Friday, 30 January 2009

Coogan's Bluff


I was very surprised by this film, coming so soon after the Dollars trilogy and recommended frequently, by reputable sources, as a transition between The Man With No Name and Dirty Harry. It is poorly scripted - and I mean the sort of dialogue and plot developments you would expect in a children's programme - and very naive, as if its portrayal of New York comes from a holiday brochure.

Clint Eastwood plays rule breakin', deputy sheriff, Walt Coogan from Arizona, sent to collect a prisoner from New York. After deceiving the NYPD into releasing him into his custody, the prisoner escapes. Coogan then proceeds to break more rules in his pursuit of him though the city.

We see the cliché's of New York paraded before us, and sixties staples are ticked off. The hippy club, the promiscuous and damaged teen, the unreasonable senior police officers... When you consider that this police fantasy was made in the same year as Bullitt, and Sergio Leone had gone on to make Once Upon a Time in the West, this film is inexcusable.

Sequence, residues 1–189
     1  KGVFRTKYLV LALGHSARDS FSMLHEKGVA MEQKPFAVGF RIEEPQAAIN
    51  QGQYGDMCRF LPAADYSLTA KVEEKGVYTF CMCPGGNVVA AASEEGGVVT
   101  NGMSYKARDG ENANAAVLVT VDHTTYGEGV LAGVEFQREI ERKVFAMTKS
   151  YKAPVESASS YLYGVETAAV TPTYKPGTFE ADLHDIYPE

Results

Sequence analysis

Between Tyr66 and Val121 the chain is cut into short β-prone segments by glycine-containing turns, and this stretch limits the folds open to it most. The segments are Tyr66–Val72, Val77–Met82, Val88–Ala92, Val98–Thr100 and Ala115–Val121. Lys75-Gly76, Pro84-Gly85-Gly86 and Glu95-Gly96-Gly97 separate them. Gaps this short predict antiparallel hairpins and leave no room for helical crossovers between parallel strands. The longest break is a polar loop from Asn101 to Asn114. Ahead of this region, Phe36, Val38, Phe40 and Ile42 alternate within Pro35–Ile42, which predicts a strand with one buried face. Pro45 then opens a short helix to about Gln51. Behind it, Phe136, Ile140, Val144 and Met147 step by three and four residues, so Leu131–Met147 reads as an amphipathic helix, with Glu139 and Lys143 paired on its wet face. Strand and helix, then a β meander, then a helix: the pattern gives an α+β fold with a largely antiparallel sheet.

The plot is simply there to serve as a vehicle for Eastwood. It panders to the image his fans want to see, portraying him as a loose cannon who has to beat off the girls with a pointy stick. The prisoner is basically a MacGuffin - totally dropping out of the storyline until needed for a chase scene near the end - and any pretence at detective work merely moves Coogan from standard scene to the next - pool room fight, interlude with attractive woman, hooker in hotel room.

Interesting that its director, Don Siegel, would go on to make such films such as The Shootist and Escape from Alcatraz, and Dean Riesner, one of the two writers, would pen High Planes Drifter and Play Misty for Me. Coincidently, both worked on Dirty Harry as well. On the other hand, Herman Miller, the other writer, had as his last writing credit an episode of MacGyver, after dabbling in Knight Rider territory; do you think we found the weak link?


One thing in the film's favour though, was the excellent closing shot on the helipad. Framed and directed with aplomb, we then see the city retreat from view as Eastwood travels back to his natural habitat. Sadly, the direction of the film has this same picture postcard detachment from its stars, both human and geographic.